Base Erosion and Profit Shifting (BEPS) relates to instances where the interaction of different tax rules leads to arrangements used to achieve no or low taxation by shifting profits away from the jurisdictions where the activities creating those profits takes place.

As a member of the Inclusive framework on BEPS, the Virgin Islands has committed to implement the minimum standards of the 15 Measures created to tackle tax avoidance, improve the coherence of international tax rules and ensure a more transparent tax environment.

All jurisdictions that are members of the Inclusive framework will participate in a peer review process, which allows members to review other members tax systems, identify and remove elements that presents a BEPS risk. Peer reviews the BEPS minimum standards that are essential to ensure effective implementation of the BEPS package.

See below for the minimum standards and other standards implemented in the Virgin Islands.

Action 5 – Harmful Tax practices

To counter harmful tax practices Action 5 of the BEPS actions plans commits the Forum on Harmful Tax Practices (FHTP) to revamp the work on harmful tax practices with a priority on improving transparency, including compulsory spontaneous exchange on ruling related to preferential regimes , and on requiring substantial activity for any preferential regimes.

For more information on Action 5 – Harmful Tax Practices, please visit the OECD’s website

For more information on how the Virgin Islands has implemented Action 5 Click Here

Action 6 – Prevention of Tax Treaty abuse

Over the last decades, bilateral tax agreements, concluded by nearly every jurisdiction in the world, have served to prevent harmful double taxation and remove obstacles to cross-border trade in goods and services, and movements of capital, technology and persons. This extensive network of tax agreements has, however, also given rise to treaty abuse and so-called “treaty-shopping” arrangements.

Treaty shopping typically involves the attempt by a person to indirectly access the benefits of a tax agreement between two jurisdictions without being a resident of one of those jurisdictions. There are a wide number of arrangements through which a person who is not a resident of a jurisdiction that is a party to a tax agreement may attempt to obtain benefits that a tax agreement grants to a resident of that jurisdiction.

Taxpayers engaged in treaty shopping and other treaty abuse strategies undermine tax sovereignty by claiming treaty benefits in situations where these benefits were not intended to be granted, thereby depriving jurisdictions of tax revenues.

In this regard the British Virgin Islands has not signed any complying instruments.

For additional information on Action 6 – Prevention of Tax Treaty Abuse please visit the OECD’s website

Action 12 – Mandatory disclosure Rules

Action 12 recognises the benefits of tools designed to increase the information flow on tax risks to tax administrations and tax policy makers. As such Action 12 includes recommendations regarding the design of mandatory disclosure rules for aggressive or abusive transactions, arrangements, or structures.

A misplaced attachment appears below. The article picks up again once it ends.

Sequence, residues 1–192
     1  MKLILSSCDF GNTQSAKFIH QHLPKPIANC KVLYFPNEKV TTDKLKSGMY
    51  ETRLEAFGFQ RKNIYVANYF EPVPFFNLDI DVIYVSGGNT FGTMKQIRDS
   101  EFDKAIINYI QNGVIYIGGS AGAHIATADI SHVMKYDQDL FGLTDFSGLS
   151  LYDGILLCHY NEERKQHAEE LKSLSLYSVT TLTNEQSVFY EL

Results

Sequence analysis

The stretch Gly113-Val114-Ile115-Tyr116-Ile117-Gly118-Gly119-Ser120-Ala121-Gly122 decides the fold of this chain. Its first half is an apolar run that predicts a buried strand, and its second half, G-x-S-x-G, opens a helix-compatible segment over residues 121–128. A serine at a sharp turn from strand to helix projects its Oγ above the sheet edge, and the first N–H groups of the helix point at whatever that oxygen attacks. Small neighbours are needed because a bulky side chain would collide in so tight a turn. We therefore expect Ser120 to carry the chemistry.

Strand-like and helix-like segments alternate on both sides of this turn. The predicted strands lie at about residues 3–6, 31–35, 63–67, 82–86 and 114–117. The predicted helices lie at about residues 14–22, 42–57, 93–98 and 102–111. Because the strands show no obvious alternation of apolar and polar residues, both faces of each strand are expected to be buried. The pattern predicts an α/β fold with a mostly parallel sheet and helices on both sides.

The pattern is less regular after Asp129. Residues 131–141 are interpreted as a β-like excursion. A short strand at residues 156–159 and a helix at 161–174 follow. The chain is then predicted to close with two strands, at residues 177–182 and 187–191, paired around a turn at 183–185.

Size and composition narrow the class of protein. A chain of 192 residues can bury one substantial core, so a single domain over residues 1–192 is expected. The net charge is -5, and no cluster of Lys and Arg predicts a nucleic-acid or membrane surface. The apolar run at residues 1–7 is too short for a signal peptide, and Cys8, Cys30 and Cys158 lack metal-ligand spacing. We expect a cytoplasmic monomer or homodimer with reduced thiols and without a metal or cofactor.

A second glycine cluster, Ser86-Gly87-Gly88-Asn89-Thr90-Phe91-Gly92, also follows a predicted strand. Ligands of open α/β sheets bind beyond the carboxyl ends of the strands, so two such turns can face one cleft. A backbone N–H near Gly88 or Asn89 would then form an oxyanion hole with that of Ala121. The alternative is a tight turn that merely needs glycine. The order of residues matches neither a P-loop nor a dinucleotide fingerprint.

The recommendations provide the necessary flexibility to balance the need for better and more timely information with the compliance burden for taxpayers.

For additional information on Action 12- Mandatory Disclosure Rules please visit the OECD’s website

Action 13 – Country by Country Reporting

Country-by-Country Reporting (CbC Reporting) applies to all large multinational entities (MNEs)with annual consolidated group revenue equal to or higher than EUR 750 Million in a fiscal year. MNEs are required to prepare a CbC Report containing information relating to the global allocation of the group’s income and taxes, together with indicators of the location of economic activity within the group. This report will be exchanged with tax authorities in these jurisdictions where the group has operation.

For more information on how the CbCR has been implemented in the Virgin Islands and how information can be submitted Click here.

Action 14 – Mutual Agreement Procedure

As cross-border business and international labour mobility continues to be commonplace in a 21st century global economy, disputes relating to which jurisdictions can tax what types of income inevitably arise on occasion.

Many tax treaties between jurisdictions contain a MAP provision providing for a process used to resolve such disputes. Article 25 of the OECD Model Tax Convention provides a mechanism, independent from the ordinary legal remedies available under domestic law, through which the competent authorities of the Contracting States may resolve differences or difficulties regarding the interpretation or application of the Convention on a mutually-agreed basis. This mechanism – the mutual agreement procedure – is of fundamental importance to the proper application and interpretation of tax treaties, notably to ensure that taxpayers entitled to the benefits of the treaty are not subject to taxation by either of the Contracting States which is not in accordance with the terms of the treaty.

Despite the widespread existence of this provision in tax treaties, further effort is needed to ensure that access to MAP is available and that MAP cases are resolved within a reasonable time-frame and implemented quickly.

For information on Action 14 – Making Dispute Resolution Mechanisms More Effective please visit the OECD’s website